Garcetti, for his part, has campaigned as someone who as a city councilman made tough budget decisions, including raising the retirement age for future civilian employees from 55 to 65. But budget watchers inside City Hall fear that Garcetti will be too timid to stand firm, if necessary, against longtime labor allies as mayor.
During a dozen years in office, Garcetti dependably backed organized labor as it pushed such initiatives as a living-wage requirement for hotels near LAX, limits on Wal-Mart superstores and unionization of car wash workers.
City employee groups spent weeks during the primary promoting Greuel and pummeling Garcetti on the airwaves. But he criticized only one by name: the union representing Department of Water and Power workers, which donated heavily to a $2-million advertising effort on Greuel’s behalf.
Asked if he sees city employee unions as a special interest, Garcetti said he is “never going to demonize people who serve the public.”
“I’ve always worked well and have always had a tremendous amount of respect for our city workers who deliver the services that we do,” he added. “That’s the critical piece to underline.”
That argument has failed to mollify his newfound union critics. Garcetti has been using “code language to stifle working people’s right to organize,” declared a flier passed out at a recent county labor federation endorsement meeting.
“Some of his statements have not been, how do I say, favorable or flattering about the unions,” said Alice Goff, president of the union that represents clerks at City Hall. “He sought the endorsement of labor — and sought [it] vigorously. So it’s almost a contradictory position.”
Greuel, meanwhile, has been trying to assuage business leaders. After Thursday’s meeting with Greuel, Chamber of Commerce President Gary Toebben said she reassured him that she would press for new reductions in pension costs.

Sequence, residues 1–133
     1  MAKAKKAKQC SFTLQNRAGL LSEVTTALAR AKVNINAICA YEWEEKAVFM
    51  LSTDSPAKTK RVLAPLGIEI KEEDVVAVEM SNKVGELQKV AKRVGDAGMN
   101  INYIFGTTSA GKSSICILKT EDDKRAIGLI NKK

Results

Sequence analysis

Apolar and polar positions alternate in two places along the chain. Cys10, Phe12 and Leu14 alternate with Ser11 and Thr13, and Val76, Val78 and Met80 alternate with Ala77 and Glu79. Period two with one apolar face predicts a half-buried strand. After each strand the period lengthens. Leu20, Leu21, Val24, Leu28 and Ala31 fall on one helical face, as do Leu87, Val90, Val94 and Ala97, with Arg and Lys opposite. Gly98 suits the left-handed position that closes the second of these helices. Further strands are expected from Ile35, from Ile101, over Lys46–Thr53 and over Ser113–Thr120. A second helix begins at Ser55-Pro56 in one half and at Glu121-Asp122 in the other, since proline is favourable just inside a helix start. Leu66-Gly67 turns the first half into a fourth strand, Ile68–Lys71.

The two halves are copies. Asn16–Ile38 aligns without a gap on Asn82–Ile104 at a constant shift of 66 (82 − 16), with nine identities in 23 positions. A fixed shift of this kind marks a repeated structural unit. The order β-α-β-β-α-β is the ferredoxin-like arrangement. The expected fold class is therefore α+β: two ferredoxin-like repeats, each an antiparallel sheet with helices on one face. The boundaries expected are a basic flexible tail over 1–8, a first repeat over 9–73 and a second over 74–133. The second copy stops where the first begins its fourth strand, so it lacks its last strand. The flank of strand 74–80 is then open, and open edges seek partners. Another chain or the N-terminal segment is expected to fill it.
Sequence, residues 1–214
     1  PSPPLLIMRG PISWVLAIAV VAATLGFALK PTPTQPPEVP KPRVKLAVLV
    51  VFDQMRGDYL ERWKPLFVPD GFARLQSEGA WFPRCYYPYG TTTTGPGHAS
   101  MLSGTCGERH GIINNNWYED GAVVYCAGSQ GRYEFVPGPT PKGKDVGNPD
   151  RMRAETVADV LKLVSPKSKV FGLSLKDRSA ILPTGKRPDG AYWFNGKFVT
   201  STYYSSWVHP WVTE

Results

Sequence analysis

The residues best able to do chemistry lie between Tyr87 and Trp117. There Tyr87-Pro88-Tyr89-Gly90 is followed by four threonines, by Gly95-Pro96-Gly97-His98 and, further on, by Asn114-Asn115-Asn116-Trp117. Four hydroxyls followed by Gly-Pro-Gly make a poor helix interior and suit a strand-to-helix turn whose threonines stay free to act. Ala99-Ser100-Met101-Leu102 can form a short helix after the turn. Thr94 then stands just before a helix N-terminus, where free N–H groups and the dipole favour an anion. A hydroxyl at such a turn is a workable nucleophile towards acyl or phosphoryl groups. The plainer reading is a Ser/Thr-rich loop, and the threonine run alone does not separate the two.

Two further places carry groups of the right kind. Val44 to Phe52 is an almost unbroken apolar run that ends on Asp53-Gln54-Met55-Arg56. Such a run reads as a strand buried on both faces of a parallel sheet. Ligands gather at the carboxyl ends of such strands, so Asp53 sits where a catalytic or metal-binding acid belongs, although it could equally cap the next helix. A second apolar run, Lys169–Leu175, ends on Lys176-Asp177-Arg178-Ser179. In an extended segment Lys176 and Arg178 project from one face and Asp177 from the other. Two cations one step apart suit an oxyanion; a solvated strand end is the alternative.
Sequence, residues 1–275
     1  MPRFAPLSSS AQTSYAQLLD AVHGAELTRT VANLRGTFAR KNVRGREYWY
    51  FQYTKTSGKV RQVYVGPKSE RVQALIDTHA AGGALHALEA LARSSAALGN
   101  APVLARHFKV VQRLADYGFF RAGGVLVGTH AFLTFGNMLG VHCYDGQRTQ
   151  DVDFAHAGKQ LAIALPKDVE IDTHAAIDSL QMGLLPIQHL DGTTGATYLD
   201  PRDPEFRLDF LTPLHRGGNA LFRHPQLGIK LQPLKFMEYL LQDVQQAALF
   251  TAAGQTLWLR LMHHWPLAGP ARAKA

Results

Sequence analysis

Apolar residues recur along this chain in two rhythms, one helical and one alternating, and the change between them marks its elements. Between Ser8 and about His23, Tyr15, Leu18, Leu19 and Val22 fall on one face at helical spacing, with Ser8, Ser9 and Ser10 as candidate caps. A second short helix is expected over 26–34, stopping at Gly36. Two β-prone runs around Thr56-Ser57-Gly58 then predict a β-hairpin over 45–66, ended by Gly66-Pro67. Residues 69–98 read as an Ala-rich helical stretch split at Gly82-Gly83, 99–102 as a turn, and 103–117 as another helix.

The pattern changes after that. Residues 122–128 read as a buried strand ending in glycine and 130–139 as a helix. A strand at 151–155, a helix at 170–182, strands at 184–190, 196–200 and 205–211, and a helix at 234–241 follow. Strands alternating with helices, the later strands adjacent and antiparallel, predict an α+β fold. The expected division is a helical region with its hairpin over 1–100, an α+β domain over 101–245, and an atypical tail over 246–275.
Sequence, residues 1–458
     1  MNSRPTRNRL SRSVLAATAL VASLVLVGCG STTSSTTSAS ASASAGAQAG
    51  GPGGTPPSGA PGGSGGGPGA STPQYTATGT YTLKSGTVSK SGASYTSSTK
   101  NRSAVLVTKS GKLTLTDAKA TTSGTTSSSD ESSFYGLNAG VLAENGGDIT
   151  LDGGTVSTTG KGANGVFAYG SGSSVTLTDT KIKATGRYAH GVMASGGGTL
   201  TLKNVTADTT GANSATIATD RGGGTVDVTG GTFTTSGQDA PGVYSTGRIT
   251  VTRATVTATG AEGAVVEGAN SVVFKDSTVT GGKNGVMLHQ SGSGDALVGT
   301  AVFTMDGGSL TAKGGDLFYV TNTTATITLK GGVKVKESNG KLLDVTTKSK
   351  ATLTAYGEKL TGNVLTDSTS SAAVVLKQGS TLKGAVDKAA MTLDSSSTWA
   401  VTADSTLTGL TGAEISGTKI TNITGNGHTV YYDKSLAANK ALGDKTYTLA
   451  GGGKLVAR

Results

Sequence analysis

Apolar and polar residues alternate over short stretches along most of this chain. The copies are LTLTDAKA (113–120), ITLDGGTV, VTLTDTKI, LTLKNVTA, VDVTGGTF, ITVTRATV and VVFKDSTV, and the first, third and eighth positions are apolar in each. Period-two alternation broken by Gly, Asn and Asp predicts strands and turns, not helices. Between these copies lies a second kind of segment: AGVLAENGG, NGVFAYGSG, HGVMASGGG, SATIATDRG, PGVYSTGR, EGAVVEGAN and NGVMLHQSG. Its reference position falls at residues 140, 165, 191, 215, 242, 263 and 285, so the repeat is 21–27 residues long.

One distinction between the candidates has appeared in recent weeks.
Garcetti said city officials do not have to negotiate with unions to change the pay and benefits of future employees. Greuel adheres to labor’s view, that even contract changes for employees not yet on the payroll must be subjected to formal negotiations.
But after many media interviews, even this point of apparent separation seemed to shrink away. Greuel said she would talk informally to unions about the pension reductions for new employees. Garcetti had previously said he, too, would be open to conversations about alternatives — if the employees could identify other savings of equal value.
Miguel Santana, the city’s top budget officer, said civilian employees would not budge on pension reductions after more than a dozen meetings over two years. Before the City Council voted last fall to proceed unilaterally with the retirement rollbacks, budget officials — acting on directions from Garcetti and his colleagues — asked union officials, one last time, if there was any chance of reaching agreement on pension reductions.
“The answer was no,” Santana said.
The stories shaping California
Get up to speed with our Essential California newsletter, sent six days a week.
You may occasionally receive promotional content from the Los Angeles Times.